Over the weekend I took part in an event loosely coined as the ‘Hunt for the Rhinopias.’ As a diver and a photographer, it’s the latter that urges me on to keep diving because of the sheer challenge of underwater photography as a hobby. Before taking photos underwater, I’d scoot through a dive site in 45 minutes. When I started photography, our dives turned to a slow crawl as we explored every square inch of the reef to find shrimps, crabs, slugs and other critters.
There was word circulating among the divers that a yellow Rhinopias frondosa, more commonly known as the Weedy Scorpionfish or the Popeye Scorpion has been spotted in a dive site called Red Rocks in Anilao, Batangas. The Rhinopias is extremely rare and there happened to be one in Anilao sitting on the reef at 30 ft deep. At that depth, we spent two dives of 80 minutes each, taking turns to photograph this rare scorpionfish that is camouflaged to look like a yellow patch of sea kelp.
We hired the watchful eyes of Edgar, a dive master who was also a keen spotter for critters to help lead us to the Rhinopias. Fish, like humans are territorial despite the vastness of the ocean. You can dive one site over and over and see the same school of jacks that circle the reef. You can come back every time and watch them grow and multiply.
The boat ride took more than 30 minutes from the resort and we anchored onto the sea bed at a comfortable 30ft deep. At that depth, divers can enjoy more than an hour of SCUBA without suffering from decompression. And down we went. Edgar led us to an area with large rocks decorated with coral and in that small space between two medium sized coral formations, Rhinopias frondosa was there. As if waiting for us.
We took turns photographing the creature. With a total dive time of about 80 minutes, we took turns taking photos of the fish. The money shot of any scorpionfish is being able to photograph it with its mouth fully open. Divers refer to this as the “yawn” which doesn’t happen very often. It is hypothesized that the “yawn” is a defense mechanism made when the fish feels threatened. But it could be many other things. Edgar told us that patience is key. Do not agitate the fish else it won’t even attempt to open its mouth.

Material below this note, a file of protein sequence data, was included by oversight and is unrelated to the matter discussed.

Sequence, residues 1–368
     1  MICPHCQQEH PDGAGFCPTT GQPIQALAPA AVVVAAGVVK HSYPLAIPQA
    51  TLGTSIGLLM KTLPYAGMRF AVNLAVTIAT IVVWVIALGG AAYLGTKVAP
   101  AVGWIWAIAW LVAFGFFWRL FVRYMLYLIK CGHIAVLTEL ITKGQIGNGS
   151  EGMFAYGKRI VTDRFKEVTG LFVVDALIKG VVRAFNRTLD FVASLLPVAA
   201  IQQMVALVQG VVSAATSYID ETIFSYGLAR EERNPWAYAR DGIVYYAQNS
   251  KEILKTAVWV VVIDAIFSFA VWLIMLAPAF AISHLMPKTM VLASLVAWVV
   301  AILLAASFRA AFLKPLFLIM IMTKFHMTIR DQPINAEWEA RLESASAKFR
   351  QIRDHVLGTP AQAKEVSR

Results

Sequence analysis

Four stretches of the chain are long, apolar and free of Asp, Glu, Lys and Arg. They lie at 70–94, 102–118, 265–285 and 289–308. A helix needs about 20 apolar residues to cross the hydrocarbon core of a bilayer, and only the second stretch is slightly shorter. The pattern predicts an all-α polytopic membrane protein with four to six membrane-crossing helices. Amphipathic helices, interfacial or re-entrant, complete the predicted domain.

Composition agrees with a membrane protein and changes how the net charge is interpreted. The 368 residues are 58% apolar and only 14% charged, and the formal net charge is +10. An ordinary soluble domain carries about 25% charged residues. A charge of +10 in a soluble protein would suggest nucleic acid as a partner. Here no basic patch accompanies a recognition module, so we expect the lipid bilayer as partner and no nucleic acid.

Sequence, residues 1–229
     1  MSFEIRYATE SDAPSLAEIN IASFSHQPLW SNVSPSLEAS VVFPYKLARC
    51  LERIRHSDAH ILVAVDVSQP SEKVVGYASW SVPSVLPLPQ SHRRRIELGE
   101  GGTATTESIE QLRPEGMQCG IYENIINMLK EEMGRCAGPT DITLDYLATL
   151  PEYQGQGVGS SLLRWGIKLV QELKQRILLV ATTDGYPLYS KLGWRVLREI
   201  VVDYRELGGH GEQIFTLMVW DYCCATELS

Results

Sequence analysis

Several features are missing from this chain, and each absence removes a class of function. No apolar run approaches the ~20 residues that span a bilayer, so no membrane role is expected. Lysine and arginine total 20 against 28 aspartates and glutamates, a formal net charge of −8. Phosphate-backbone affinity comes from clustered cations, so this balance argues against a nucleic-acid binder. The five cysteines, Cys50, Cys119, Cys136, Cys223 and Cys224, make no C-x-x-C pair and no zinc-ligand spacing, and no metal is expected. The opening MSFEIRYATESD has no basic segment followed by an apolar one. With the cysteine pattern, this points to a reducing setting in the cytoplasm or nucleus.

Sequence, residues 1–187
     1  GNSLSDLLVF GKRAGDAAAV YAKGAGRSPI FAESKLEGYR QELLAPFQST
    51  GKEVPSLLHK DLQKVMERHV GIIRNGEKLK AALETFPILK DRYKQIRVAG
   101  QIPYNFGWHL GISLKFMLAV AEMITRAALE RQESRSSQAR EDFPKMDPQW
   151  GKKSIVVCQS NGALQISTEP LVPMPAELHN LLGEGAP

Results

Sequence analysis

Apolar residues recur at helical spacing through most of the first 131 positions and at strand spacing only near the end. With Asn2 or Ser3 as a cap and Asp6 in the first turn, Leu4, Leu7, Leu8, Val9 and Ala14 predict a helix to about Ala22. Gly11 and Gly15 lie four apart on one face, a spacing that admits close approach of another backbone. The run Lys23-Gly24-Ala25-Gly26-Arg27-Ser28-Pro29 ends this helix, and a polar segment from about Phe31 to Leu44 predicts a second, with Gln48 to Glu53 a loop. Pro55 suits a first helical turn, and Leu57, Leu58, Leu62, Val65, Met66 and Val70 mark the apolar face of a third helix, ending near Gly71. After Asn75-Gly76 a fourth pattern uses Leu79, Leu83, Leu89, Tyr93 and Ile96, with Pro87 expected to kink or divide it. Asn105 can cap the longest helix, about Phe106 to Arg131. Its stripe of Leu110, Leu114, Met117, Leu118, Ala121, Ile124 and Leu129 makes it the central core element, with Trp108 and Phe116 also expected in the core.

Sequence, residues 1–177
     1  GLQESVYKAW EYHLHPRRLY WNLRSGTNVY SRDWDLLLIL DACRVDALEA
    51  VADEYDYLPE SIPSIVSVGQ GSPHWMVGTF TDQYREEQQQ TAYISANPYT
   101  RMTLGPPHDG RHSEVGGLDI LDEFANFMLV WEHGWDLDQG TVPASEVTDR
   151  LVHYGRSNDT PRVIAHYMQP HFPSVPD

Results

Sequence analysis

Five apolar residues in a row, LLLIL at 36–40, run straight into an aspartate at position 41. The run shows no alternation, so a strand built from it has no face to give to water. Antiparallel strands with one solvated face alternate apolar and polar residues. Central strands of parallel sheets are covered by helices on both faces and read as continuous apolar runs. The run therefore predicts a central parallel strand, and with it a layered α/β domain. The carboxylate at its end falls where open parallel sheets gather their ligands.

Still can’t see it?
Rhinopias frondosa .. well .. just sat there. It didn’t swim away. When we came back for our second dive it was still on the same patch of sand, sitting nonchalantly. Once in a while it would take a leisurely “stroll” but would always stay within the same square meter patch. The fish was less than a foot long. We had to be careful not to touch it as it is poisonous. There was also some added difficulty when a juvenile lionfish decided to hang around the rocks and we had to be careful as these were also poisonous.
The photo above is a close up side view of the lips and the yellow eye.
After I had exhausted two photo shoots with the Rhinopias, I decided to go around searching for other things to photograph. Edgar was a brilliant spotter as he was able to show me the Halgerda batangas — a type of nudibranch that was named by scientist Terrence Gosliner when he dove Anilao. Red Rocks is a nudibranch hotspot.
The Halgerda is characterized by the orange lightning pattern on its mantle. It’s a fantastic sight. This particular one was about an inch and a half in length.
I also got to photograph other nudibranchs. Some as small as a grain of rice. Others as big as three inches.
And also, other types of fish like this curious lionfish, a shy clownfish hiding in its anemone home and a camouflaged baby frogfish resting on a coral.
In total we did four dives. Two dives into Red Rocks, another into the pier — which we aborted due to really bad 1 ft visibility and a “make up dive” at Secret Bay so that our remaining 1500 psi won’t go to waste. At the end of the day, there’s no doubt about it — the one and only Rhinopias frondosa is the most photographed fish in the entire Anilao.
If you want to read the chronicles of the hunt from another perspective, check out Jan Acosta’s post from NUDI.